Reviews

When the Scottish explorer John Dundas Cochrane visited the town of Tobolsk in the early 1820s, he found ‘very good society … and the strongest features of content … in this hitherto supposed metropolis of barbarism and cruelty’. But few others...

‘The menace is the woman who thinks she ought to be flying in a high-speed bomber when she really has not the intelligence to scrub the floor of a hospital properly’, C.G. Grey, editor of Aeroplane magazine, wrote in 1941. Clearly, he...

Biography is something we associate with ‘great figures’ of history: generals, politicians, writers, artists and reformers. Rarely is the form used for an institution, particularly one which housed many people on the edge of society. Mansions...

Bradford’s hardest-working pensioner, David Hockney, has teamed up with the critic and author Martin Gayford and their collaboration is presented in the form of dialogues about sets of images. These may be cave paintings, Hollywood stills or,...

John Rees’ new work on the Levellers is a different beast from the average academic monograph. While the core argument of Rees’ 2014 doctoral thesis, that the Levellers represented an ‘organised group of political activists’, remains in place, ...

What is most striking about these two histories is the commonality of gay and lesbian experiences across notional divides of time and place and the way in which the challenges facing homosexual men and women have recurred with remarkable...

The Oxford Illustrated History of Modern China

Exuberant celebrations took place across China in 1959 to mark the 10th anniversary of the founding of the People’s Republic. Of particular national pride were the ‘Ten Great Buildings’ in the capital of Beijing, newly constructed to set in stone...

A Fiery & Furious People: A History of Violence in England

Rarely an evening goes by without a television detective solving a horrific killing; more often than not the victim is an attractive young woman and the killer some kind of paranoid serial murderer. The popular press delights in showing graphic...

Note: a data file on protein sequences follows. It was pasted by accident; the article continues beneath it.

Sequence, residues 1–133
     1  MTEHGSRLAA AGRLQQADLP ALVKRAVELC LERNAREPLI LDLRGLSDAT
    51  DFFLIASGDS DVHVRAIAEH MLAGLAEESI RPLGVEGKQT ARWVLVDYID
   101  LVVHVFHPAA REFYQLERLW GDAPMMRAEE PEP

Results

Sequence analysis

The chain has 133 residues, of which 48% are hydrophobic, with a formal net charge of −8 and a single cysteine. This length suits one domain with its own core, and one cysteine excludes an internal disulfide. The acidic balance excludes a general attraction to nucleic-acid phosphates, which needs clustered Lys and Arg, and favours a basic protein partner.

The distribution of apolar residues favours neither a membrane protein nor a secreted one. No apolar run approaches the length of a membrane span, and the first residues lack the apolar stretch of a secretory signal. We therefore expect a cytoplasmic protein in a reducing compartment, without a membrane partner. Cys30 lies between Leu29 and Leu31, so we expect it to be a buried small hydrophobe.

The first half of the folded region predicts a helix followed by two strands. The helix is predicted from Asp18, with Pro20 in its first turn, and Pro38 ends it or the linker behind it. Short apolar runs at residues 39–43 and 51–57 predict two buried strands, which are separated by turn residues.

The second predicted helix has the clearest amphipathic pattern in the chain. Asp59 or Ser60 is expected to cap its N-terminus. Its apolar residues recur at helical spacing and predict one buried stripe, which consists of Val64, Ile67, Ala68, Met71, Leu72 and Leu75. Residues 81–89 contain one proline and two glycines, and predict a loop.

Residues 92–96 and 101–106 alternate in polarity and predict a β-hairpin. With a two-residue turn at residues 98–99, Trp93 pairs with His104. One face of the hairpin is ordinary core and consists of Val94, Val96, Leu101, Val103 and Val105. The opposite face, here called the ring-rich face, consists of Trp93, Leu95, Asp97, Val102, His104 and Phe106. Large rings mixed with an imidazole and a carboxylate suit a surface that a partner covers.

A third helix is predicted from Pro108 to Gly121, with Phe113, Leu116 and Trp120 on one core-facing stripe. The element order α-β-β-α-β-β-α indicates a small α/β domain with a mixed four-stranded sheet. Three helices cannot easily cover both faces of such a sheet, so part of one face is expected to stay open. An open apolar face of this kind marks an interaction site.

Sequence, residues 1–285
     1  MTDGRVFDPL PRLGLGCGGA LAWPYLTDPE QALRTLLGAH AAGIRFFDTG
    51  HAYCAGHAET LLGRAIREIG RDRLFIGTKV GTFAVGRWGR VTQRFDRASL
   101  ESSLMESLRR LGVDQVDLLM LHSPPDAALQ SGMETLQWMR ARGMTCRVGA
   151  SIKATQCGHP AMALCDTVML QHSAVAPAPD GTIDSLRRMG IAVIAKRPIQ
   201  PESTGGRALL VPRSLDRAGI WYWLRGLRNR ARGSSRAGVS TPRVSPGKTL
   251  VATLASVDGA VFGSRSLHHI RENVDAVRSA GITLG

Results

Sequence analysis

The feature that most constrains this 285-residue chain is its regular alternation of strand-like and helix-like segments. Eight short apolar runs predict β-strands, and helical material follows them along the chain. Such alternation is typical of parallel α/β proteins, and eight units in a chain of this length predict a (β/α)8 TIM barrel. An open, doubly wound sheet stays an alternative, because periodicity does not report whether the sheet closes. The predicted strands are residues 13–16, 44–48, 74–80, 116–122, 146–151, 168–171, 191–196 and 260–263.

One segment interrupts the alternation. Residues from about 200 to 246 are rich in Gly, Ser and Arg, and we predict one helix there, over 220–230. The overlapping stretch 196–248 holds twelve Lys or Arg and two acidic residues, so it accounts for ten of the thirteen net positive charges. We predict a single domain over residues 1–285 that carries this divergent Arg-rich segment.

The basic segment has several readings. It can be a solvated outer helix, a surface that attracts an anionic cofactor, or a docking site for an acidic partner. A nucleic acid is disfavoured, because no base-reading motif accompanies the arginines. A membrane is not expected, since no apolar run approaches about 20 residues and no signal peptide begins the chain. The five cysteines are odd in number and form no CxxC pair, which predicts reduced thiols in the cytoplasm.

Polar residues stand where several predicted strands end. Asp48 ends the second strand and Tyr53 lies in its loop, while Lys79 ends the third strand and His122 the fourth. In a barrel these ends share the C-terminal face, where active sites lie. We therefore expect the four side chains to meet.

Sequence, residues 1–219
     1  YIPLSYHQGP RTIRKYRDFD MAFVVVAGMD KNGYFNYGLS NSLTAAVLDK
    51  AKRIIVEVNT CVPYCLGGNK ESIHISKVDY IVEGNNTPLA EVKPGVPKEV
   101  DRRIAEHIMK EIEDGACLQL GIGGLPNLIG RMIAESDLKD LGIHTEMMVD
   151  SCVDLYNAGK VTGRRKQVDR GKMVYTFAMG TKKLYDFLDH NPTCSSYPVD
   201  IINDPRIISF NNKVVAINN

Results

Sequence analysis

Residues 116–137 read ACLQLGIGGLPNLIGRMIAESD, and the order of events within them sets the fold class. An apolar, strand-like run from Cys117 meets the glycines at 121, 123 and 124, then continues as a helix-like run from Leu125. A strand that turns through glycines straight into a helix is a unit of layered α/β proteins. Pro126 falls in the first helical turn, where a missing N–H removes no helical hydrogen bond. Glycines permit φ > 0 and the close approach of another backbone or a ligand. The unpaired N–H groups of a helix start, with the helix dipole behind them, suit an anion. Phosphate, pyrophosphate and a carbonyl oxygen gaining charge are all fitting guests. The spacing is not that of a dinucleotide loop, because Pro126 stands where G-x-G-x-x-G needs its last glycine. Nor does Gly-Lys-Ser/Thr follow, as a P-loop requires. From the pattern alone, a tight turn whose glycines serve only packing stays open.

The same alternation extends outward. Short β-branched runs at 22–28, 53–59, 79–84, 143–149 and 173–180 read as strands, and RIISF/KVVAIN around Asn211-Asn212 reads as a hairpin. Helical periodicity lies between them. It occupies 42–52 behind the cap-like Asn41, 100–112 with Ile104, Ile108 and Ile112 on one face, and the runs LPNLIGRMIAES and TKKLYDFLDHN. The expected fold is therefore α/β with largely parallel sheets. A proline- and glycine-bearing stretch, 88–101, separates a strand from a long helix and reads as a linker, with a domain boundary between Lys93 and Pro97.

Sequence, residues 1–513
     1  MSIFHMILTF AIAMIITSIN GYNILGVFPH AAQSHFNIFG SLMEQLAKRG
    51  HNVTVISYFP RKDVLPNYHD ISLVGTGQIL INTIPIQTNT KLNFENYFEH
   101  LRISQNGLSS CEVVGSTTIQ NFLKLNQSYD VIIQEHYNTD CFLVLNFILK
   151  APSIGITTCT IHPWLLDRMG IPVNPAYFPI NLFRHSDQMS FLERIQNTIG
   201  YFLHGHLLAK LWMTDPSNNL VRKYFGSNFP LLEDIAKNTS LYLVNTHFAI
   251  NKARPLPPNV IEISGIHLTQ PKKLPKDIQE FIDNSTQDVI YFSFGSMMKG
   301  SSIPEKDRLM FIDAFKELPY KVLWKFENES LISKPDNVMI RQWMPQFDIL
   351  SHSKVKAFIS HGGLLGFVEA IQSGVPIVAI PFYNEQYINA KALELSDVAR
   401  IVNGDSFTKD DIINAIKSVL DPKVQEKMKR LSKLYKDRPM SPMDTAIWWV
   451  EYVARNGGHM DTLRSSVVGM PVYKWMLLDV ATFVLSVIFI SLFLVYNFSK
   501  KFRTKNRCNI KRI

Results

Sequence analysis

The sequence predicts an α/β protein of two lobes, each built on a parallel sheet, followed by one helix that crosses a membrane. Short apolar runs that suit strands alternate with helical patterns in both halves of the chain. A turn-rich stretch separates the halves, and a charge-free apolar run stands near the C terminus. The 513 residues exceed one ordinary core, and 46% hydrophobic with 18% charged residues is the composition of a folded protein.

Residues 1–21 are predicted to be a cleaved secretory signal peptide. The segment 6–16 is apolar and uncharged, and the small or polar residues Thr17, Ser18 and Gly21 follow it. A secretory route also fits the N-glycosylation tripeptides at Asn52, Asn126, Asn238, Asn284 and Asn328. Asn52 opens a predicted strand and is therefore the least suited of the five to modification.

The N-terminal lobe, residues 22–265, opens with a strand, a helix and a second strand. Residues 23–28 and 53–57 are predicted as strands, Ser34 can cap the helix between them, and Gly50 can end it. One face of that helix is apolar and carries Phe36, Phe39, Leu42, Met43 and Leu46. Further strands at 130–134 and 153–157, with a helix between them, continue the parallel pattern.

Gone to the Continent: The British in Calais 1760-1860

Martin Brayne’s and Renaud Morieux’s books provide us with a welcome reminder that, ‘rather than a natural frontier between natural enemies’, the English Channel was and still is a shared space of contact and exchange. 

In Gone to the...

The Making of the Oxford English Dictionary

Was there ever before such an enterprise? It is certainly safe to say that when the ‘Committee to collect unregistered words in English’ met under the auspices of the Philological Society in 1857, no one could have guessed exactly what would be...

French Wine: A History

Many histories of wine are written in a lyrical style, but Rod Phillips’ new book is not one of them. For Phillips, two and a half millennia of French winemaking is not an excuse for Bacchic celebration, but a warts-and-all exposé of chaos and...

Frederick Barbarossa:  The Prince and the Myth

The long reign of Frederick Barbarossa, who ruled Germany from 1152 to 1190 and for most of this time was also Holy Roman Emperor, has not been well served by historians. The German historian Heinrich Simonsfeld published a book of nearly 800...

Front cover of book

This is a splendid and voluminous anthology, compiled from over 120 memoirs of a wide range of children of the Raj, including those of senior Indian Civil Service officers and army officers, businessmen, railwaymen, missionaries and Anglo-Indians...

Most books on the machinery of government tend to be dull, but this book is an exception because Anthony Seldon has long experience as an educator as well as being an authority on modern British government. The introduction, moreover, places the...

FOR WHITEHALL’S hottest reading matter, it must be hard to beat ‘Old Stripey’. This is the nickname for the blue and red striped box in which the Cabinet secretary collects the day’s most secret intelligence material for the prime minister to...

Front cover by India Conquered

Another history of the Raj invites comparison with its two most distinguished predecessors, Penderel Moon’s The British Conquest & Dominion of India (1989) and Lawrence James’ Raj: The Making & Unmaking of British India...